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That psychological bulls**t: Surprising findings from community research are improving psychological preparedness information
journal contributionposted on 04.06.2019, 00:00 by Danielle Every, Amy Reynolds, H Keen-Dyer, M Dyer, P Miller-Rose, Joshua Trigg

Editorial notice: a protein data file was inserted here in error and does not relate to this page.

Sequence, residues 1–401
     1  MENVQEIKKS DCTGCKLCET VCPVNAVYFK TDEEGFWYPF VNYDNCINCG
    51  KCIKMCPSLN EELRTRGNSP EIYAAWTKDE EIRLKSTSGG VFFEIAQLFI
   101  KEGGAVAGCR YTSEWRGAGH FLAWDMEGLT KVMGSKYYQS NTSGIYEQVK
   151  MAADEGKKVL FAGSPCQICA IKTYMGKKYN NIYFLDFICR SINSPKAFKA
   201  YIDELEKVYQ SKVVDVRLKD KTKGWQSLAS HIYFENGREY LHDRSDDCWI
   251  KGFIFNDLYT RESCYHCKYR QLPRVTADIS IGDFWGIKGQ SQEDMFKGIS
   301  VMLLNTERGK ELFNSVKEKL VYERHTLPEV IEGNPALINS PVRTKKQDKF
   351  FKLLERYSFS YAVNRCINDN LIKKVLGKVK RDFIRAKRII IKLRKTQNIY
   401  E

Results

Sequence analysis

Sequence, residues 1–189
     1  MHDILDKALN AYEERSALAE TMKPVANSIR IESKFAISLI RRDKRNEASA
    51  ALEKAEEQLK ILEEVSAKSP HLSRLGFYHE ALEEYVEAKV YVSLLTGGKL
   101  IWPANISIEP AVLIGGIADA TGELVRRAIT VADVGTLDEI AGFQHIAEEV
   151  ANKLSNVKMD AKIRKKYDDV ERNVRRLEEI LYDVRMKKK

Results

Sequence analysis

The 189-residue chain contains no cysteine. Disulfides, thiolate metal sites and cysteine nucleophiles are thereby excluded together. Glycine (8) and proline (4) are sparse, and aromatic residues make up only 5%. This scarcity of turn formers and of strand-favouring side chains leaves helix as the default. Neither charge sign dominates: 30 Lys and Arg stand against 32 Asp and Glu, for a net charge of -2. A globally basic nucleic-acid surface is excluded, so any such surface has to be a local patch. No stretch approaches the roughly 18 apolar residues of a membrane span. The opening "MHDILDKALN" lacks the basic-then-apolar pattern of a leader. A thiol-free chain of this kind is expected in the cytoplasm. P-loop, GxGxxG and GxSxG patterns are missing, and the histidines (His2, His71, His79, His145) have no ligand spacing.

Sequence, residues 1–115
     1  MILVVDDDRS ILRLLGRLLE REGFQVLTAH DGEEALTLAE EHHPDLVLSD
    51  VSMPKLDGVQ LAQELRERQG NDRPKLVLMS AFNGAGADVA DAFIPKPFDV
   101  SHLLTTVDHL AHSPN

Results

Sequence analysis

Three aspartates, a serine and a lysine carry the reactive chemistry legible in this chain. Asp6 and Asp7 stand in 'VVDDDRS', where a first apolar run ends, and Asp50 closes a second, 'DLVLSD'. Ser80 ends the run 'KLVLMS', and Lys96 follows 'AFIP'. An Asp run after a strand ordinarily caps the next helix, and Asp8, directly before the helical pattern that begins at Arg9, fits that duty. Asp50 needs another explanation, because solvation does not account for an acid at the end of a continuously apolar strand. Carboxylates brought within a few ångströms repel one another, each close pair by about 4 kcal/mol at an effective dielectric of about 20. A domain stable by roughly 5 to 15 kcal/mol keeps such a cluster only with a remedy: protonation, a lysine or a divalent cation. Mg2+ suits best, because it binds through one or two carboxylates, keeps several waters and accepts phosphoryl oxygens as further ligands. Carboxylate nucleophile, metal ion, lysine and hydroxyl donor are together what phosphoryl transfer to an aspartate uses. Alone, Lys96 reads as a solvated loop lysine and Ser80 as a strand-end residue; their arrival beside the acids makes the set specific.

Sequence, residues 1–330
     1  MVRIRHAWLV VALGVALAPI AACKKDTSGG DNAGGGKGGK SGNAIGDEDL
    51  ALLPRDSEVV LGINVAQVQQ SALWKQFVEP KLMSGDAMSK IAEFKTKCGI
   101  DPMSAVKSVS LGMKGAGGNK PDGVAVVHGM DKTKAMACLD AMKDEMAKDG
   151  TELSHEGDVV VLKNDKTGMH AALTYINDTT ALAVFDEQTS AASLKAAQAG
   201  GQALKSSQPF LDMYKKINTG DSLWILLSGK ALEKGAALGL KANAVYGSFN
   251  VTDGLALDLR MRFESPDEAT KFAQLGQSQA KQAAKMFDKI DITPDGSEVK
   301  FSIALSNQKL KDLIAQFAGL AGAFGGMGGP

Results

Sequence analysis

Effective preparedness is often communicated as physical actions such as having a survival plan and an emergency kit or reinforcing, moving and clearing property. However, the physiological responses to an overwhelming threat can disrupt the best-laid preparations and plans. Psychological and emotional preparedness during the response phase of a disaster helps identify and manage fear to reduce the impacts on cognitive and behavioural functioning. Rates of psychological and emotional preparedness are generally lower than for physical preparedness. This presents particular challenges when communicating this type of risk. This paper reports on qualitative research with residents and agencies in south-east Queensland about what psychological and emotional preparedness means to them, what prevents people from engaging with this type of risk and how best to communicate it.